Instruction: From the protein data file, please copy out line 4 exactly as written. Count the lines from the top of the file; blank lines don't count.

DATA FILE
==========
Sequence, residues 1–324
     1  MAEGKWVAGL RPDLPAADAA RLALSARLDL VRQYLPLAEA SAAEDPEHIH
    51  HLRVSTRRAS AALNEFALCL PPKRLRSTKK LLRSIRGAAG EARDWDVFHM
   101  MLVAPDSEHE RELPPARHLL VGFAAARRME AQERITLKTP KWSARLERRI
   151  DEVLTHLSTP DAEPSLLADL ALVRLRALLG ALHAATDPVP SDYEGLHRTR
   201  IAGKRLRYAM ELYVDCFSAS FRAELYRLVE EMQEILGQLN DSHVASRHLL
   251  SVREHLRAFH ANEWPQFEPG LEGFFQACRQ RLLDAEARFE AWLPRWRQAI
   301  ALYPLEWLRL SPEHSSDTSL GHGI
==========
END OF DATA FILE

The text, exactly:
   101  MLVAPDSEHE RELPPARHLL VGFAAARRME AQERITLKTP KWSARLERRI